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Yes, You Can Have Joy
Nancy Bramlett was miserable --- trapped in an abusive marriage with no hope of improvement. For her, divorce wasn't an option, but shopping was.
It was summertime in Memphis and Nancy, with her friend Linda, were on a mission. They started with clothing. Hopping from mall to mall, and boutique to shop, they tried on all the latest styles and colors. Midday, there was a lunch break at a trendy cafe or bistro. Sometimes she'd think wistfully about brief times spent living in Boston and Miami, where she could shop at Jordan Marsh or Bonwit Teller. Those happy memories and the thrill of making their latest purchases covered up the pain, at least for a few hours.
In time, Linda and Nancy became bored with clothes. So they visited Ethan Allen and Kacey's and any number of quality antique shops looking for the perfect dining-room set or a unique accessory for the living room. Late in the summer, with closets full and extra furniture stored away, Nancy held a giant garage sale and cleared out the items she no longer wanted, making room for winter fashions she was planning to buy that fall. During a break between customers, she wondered why all her new purchases left her satisfied for only a day or two. Why, when she had so much, did she need more? At a time when so many acquaintances considered her lifestyle glamorous, why was she so unhappy?
Certainly anyone would be envious of the phone calls that came during the months between her husband's seasons in the National Football League? 'Is John there?' said the voice.
'We're about to eat dinner,' Nancy answered.
'Elvis wants you guys to come over.' Immediately, Nancy turned off the oven, put the food in the refrigerator, and called a baby-sitter. John and Nancy then hurried over to the Graceland mansion for dinner with longtime friend Elvis Presley. Afterwards, they might play a football game at the high school field a couple of miles away, or Elvis might rent the old Memphien Theater so they could watch a movie without being disturbed by a myriad of fans. Sometimes in Graceland, Nancy would slip away for a moment to call her mother to check on her sons, Andy and Don.
Isn't this the American dream? For seven years, your husband is a star linebacker in the NFL. After injuries force him to retire, his competitive drive is channeled into business, where he is even more successful. You have all the financial resources you need; you have two children you love dearly. But while your husband provides well financially for his family, he can't give what you want most --- some attention, a little time, a sense that you are important to him. In a word, Nancy wants to feel loved.
All the pain of her marriage came to the surface one evening in a bar when one of the secretaries from John's office grabbed Nancy's arm and hissed, 'Your husband tried to get me to go to an apartment with him this week. I thought you ought to know about it.' Nancy stared at the woman, her mouth open wide in disbelief. Humiliation engulfed her. Her face felt as if it were on fire. She wanted to vanish beneath the table. By the pity she saw in the woman's eyes, Nancy knew she was telling the truth.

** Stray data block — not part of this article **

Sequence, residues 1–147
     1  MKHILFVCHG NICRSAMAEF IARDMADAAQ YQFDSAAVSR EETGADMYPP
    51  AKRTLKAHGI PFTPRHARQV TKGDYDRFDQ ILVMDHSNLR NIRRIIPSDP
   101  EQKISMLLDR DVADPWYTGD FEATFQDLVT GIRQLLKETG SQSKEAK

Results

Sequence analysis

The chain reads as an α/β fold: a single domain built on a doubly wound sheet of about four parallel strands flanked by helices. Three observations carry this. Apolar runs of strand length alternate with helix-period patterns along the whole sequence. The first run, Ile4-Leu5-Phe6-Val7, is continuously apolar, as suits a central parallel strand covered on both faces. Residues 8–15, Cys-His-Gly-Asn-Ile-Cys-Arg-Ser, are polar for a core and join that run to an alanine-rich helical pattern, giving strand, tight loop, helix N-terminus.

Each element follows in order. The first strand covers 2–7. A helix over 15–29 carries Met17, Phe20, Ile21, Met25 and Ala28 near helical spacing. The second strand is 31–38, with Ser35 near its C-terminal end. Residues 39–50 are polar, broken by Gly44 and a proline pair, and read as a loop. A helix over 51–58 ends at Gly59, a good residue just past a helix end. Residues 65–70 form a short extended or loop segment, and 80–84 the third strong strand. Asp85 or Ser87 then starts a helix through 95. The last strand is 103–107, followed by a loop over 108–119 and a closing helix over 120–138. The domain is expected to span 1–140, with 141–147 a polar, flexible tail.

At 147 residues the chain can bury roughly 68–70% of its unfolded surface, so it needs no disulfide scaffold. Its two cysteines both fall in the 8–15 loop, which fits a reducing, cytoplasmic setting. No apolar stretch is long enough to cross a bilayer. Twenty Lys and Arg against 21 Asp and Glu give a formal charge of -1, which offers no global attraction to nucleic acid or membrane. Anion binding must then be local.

She turned to her husband and his stunned look of surprise confirmed the accusation. 'She's lying, Nancy,' John quickly blurted. 'Can't you see she's just making the whole thing up?'
Nancy turned and ran for the parking lot. Sobs convulsed her as she reached their car. John was right behind her. 'Nancy, listen to me. That woman's lying. How could you be stupid enough to believe her?'
'No, she's not lying!' Nancy shouted back. 'I want to know what she's talking about. What apartment? How many other women have you asked to go there with you? Doesn't our marriage mean anything to you?'
'Sure it does. I told you, she's making it up. It never happened, Nancy, I swear it.'
They drove home in silence that night, speaking no more about it, and the next morning they acted as if nothing had happened. But Nancy now knew for sure what had been happening on those nights when her husband didn't come home. She'd assumed he passed out from drinking, and because he didn't come home, she was managing to avoid another ugly abusive scene, so common when he was drunk.
How could Nancy live in such an awful situation? Isn't this a prescription for divorce? No one should have to endure such pain. Was there any hope that John could change? Surely after years of addiction to alcohol, barroom fights, battles with police, and abuse of his wife, he wouldn't change.
Perhaps you'll be surprised to learn that John and Nancy celebrated their fortieth wedding anniversary in the summer of 1999. After fourteen years of problems, they found the secret of a happy marriage. It started with Nancy, and John followed a few months later. It didn't happen because Nancy changed John; for years she'd tried to reform him --- and only failed miserably. Rather, both found joy to fill their inner emptiness. And once their inner needs were met, they were finally free to begin to give to each other in their marriage. Today, they work together, helping others find the same joy.